Jersey City mayor yields unity
By Nicholas Sanchez
By and large, Republicans are hardly more pathetic than when they try
to do "outreach" to minorities and working-class citizens. Their
efforts usually come off as perfunctory, and rarely do they yield any
political fruit for the Grand Old Party.
So, while Bush's attempt to reach out to minorities and working-class
types has been admirable (and far more thorough than any other national
Republican candidate since Ronald Reagan), it has hardly been anything
but successful. Which means that Republicans need to look elsewhere to
find someone who can show them how to appeal to these people who seem
to have a congenital aversion to the Republican Party.
Hardly a hotbed of conservatism, Jersey City is a working class, Catholic city that is two-thirds minority. Which is why the 1993 election of Schundler - who is a pro-life, Harvard-educated investment banker, and a WASP to boot - flabbergasted the professional political handicappers. He was the first Republican to be elected as Mayor of Jersey City since World War I. And he not only won, but he won big. Running for his first full term, he managed to get 68 per cent of the vote. He was later re-elected by a similar margin.
Oh, and did I mention that he ran as a conservative? Which prompts the question: How did he do it?
When I posed this question to him a few weeks ago at a gathering of conservatives in Florida, he said quite plainly that he did it by going into the black communities and talking about school vouchers. He did it by going into the Hispanic communities and talking about tax-cuts and how they would affect individual families. To be succinct, he did it by going into communities that Republicans generally don't go to, and having a frank conversation with individuals, relating to them how his policies would change their lives.
What a concept. And even more exciting is that his policies worked.
Since being elected mayor, Bret Schundler reduced city spending and lowered taxes. He encouraged new businesses to come to Jersey City. As a result, Jersey City has in recent years created more new jobs than have been created in New Jersey's five other largest cities. More and more families are moving to Jersey City instead of out of it.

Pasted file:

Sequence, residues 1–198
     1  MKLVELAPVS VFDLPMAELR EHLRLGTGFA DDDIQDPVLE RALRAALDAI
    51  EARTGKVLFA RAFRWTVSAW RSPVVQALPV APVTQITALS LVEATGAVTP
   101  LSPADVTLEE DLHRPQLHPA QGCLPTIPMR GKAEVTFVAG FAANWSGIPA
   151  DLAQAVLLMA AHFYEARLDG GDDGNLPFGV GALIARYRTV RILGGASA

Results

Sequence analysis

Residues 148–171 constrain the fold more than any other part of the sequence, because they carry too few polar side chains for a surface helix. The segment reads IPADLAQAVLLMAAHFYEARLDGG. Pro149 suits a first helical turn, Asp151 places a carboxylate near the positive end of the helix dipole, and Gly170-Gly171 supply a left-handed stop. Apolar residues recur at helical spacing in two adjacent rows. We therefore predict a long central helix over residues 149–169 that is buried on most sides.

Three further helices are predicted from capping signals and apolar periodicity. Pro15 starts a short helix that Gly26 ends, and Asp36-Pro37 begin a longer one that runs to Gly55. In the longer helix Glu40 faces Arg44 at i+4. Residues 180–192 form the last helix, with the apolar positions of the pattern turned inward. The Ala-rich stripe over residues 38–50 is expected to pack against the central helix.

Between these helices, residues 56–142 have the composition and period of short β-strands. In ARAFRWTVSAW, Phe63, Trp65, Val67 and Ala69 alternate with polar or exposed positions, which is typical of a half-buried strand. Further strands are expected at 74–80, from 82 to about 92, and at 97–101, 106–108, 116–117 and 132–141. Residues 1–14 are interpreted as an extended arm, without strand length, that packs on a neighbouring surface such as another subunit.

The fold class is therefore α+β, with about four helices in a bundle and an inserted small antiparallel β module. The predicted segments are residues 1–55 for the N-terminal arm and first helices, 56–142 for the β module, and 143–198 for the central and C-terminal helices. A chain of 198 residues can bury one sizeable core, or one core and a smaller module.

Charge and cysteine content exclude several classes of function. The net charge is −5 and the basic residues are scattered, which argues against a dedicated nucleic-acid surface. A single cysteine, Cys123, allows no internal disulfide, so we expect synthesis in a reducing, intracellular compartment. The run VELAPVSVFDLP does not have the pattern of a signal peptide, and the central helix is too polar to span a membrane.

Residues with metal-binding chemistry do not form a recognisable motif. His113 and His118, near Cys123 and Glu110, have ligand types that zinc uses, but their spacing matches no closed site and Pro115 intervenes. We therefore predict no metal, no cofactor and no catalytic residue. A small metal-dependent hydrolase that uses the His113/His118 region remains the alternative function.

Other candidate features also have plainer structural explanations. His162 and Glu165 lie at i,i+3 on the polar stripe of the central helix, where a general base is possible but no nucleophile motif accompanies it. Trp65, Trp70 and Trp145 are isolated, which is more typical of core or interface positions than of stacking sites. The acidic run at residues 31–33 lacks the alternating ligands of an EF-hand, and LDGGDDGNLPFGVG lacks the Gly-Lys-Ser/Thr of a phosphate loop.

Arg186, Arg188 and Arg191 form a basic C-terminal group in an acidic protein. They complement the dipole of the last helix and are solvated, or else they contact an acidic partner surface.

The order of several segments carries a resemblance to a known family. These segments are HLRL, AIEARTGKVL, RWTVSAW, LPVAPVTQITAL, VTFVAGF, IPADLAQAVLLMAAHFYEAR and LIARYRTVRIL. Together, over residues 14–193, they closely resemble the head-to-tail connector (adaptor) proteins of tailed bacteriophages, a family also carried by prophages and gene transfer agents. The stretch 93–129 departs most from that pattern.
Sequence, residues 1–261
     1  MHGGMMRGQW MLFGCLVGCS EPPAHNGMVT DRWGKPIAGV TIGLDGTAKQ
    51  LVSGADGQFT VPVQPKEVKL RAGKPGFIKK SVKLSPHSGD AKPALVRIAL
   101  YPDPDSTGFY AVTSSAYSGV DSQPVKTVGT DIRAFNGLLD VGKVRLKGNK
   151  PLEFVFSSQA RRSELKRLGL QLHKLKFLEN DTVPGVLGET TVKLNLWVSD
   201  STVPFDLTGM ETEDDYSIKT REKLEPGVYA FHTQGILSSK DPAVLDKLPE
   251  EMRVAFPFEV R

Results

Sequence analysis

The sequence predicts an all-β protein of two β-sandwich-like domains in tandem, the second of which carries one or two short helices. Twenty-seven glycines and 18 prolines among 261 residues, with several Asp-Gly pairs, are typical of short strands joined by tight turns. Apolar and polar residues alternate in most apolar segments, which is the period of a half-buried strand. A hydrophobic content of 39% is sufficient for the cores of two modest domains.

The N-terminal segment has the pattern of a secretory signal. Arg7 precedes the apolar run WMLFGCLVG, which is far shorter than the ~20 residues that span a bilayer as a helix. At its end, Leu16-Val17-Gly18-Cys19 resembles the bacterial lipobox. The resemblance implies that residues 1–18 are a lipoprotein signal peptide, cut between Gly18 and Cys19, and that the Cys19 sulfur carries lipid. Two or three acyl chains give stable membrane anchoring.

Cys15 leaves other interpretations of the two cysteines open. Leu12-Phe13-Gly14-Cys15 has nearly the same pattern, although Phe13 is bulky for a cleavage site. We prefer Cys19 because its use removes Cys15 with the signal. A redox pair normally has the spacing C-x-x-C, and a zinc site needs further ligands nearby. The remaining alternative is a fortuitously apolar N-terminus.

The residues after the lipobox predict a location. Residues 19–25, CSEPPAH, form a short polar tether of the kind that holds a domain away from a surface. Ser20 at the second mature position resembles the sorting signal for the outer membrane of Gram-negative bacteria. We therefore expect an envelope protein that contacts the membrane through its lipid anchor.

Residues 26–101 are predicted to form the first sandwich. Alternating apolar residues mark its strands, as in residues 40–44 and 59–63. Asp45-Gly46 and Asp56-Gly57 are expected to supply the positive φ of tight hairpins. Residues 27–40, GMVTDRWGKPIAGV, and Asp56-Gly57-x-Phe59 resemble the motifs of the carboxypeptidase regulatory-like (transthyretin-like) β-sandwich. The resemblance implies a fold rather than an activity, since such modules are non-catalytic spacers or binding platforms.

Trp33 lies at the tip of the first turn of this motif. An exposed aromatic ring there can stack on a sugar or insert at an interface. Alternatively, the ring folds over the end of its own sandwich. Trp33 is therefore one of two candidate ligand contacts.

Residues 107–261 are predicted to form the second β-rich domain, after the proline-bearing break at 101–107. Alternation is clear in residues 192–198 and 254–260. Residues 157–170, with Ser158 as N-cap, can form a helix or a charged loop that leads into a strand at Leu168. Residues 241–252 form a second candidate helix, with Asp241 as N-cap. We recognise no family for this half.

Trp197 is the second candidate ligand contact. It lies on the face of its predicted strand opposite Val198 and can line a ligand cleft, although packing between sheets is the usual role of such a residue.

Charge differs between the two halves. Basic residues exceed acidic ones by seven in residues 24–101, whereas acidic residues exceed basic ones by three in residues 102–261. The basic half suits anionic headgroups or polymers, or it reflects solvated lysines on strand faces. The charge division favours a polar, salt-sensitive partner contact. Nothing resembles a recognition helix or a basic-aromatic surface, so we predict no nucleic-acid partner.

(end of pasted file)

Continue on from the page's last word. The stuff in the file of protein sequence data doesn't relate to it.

A devout Christian, Schundler fought for the rights of all of Jersey City's religious citizens, standing up to left-wing activists who objected to the public display of religious symbols (like the menorah). He took them to court and won. And now he wants to do for the state of New Jersey what he has done on the local level.
By tapping Christine Todd Whitman, the epitome of the Northeast Republican establishment, to head the Environmental Protection Agency, George W. Bush has done two things: one, he has paid a political debt to Whitman, who was one of his most vocal supporters during the past election. And two, he has removed one of the most liberal Republican governors from an important State House. Which is why Schundler now has the option of running for Governor. Of course, he has to win the primary first.
Because of his sincere conservative beliefs, the New Jersey state GOP Party is not too keen on Schundler's candidacy. However, he has demonstrated now for eight years that he is more than capable of bringing different people together to win a supermajority of the United States' 67th largest city. In fact, by pulling off what he has in a city that is as diverse as Jersey City, he has really presented a model for the Republican Party as a whole.
To find a leader who can expand the Party without diluting its principles, I am going to offer a piece of advice to the Republican Party that I never thought I would: Go East, young men.
Nicholas Sanchez is the Free Congress Foundation's Director of Development.
Visit Schundler's gubernatorial web site at http://www.bret2001.com/
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